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Museveni Directs on Indoor Spraying Against Malaria

President Yoweri Museveni has directed district leaders in Apac to embark on indoor residual spraying and distribution of mosquito nets in a bid to control the surging malaria cases.
Speaking at Boma Grounds in Apac on Tuesday, the president observed that indoor spraying and the use of treated mosquito nets would greatly lower the rate of malaria infections in the district.

The President made the directive while responding to concerns raised by Kwania county Member of Parliament Tonny Ayo about the growing rate of malaria prevalence in the district.

“Where is the district health officer, can you explain to me why you are making malaria killing my people in Apac?,” Museveni asked amidst applauses from the general public.

Apac has the highest malaria infection rate in the world. The district health officer Dr Mathew Emer estimate that each person on average receives 1,600 malaria infected bites every year. That is more than four infected mosquito bites every night.

“When looking at this data, the figures seem unreal: In the dry months, January and February 2007, there were 10,920 and 11,952 registered cases, with almost half of these amongst the youngest, those aged four and below,” says Emer

Dr Emer says that the majority of deaths from malaria take place within the communities, which are not reported.

He also says that malaria is one of the major causes of maternal mortality within the district.

Geofrey Onyik, the district health educator, says Apac recorded an increase in malaria positive cases from 2,216 between January and March last year to 4,002 cases during the same period this year.

The recently released Uganda Malaria Indicator survey 2014-15 indicates that the national prevalence dropped from 42 per cent in 2009 to 19 per cent.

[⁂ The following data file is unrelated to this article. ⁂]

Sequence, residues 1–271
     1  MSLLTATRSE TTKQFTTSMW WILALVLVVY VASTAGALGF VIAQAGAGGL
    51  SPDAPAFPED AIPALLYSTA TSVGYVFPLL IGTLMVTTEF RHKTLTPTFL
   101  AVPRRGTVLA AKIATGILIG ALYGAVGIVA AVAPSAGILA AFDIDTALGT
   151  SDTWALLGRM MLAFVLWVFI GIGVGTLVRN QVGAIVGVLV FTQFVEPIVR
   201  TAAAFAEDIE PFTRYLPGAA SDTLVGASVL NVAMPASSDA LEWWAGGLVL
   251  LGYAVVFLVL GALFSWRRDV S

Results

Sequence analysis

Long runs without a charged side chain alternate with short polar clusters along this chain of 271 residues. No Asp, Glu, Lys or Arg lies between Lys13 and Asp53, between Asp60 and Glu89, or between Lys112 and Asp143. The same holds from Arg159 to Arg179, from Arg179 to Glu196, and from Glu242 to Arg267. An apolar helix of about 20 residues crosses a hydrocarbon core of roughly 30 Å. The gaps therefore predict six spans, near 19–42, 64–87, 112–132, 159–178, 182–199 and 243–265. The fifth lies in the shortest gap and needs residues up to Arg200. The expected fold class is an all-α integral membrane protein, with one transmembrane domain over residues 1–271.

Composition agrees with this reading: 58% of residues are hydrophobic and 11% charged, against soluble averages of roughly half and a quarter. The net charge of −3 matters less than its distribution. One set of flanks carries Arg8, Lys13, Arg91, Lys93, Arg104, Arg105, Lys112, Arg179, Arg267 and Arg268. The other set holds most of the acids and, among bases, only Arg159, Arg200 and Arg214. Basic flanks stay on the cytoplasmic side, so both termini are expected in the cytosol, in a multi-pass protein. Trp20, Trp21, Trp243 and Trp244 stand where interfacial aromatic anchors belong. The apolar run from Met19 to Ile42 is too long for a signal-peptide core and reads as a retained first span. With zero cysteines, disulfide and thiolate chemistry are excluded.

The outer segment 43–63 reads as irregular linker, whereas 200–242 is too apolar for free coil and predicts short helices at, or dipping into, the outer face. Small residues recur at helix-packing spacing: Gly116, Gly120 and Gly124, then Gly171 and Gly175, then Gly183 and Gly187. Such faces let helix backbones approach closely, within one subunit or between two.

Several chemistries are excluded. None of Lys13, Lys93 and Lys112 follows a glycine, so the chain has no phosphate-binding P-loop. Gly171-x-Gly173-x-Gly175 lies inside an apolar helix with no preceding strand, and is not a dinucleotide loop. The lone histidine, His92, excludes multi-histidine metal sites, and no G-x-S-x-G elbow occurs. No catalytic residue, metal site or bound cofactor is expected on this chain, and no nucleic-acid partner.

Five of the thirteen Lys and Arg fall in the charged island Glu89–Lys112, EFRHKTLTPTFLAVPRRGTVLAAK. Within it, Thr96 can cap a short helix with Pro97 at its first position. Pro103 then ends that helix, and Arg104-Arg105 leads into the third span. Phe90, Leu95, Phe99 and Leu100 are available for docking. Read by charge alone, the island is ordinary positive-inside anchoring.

However, Apac continues to diagnose many malaria patients despite the northern region registering a drop from 63 per cent in 2009 to 20 per cent.

Apac District chairman, Bob Okae, says from 2008 to 2014, government embarked on indoor residual spraying in the district as well as in other nine districts in the mid-north to combat malaria.

However, the intervention was stopped last year yet the district continues to suffer from a high malaria burden due to the many swamps around the area which are breeding grounds for mosquitoes.

Julius Peter Oyek, a laboratory technician at Apac Hospital, says the two swamps, which are close to Apac Town Council, act as breeding grounds for the mosquitoes and it gets worse during the rainy season when the water levels rise.

“The swamps act as breeding grounds for the mosquitoes and that is why there are very many mosquitoes in Apac. During the rainy season, the swamps become water logged causing the mosquitoes to multiply thus increased malaria infections,” explains Oyek.

Dr Emer notes that the district is slowly sliding back to its old position of topping in malaria cases.

Joel Ewany, a senior clinical officer at Apac Hospital, though in a dilapidated state, the facility has a steady supply of anti-malaria drugs.

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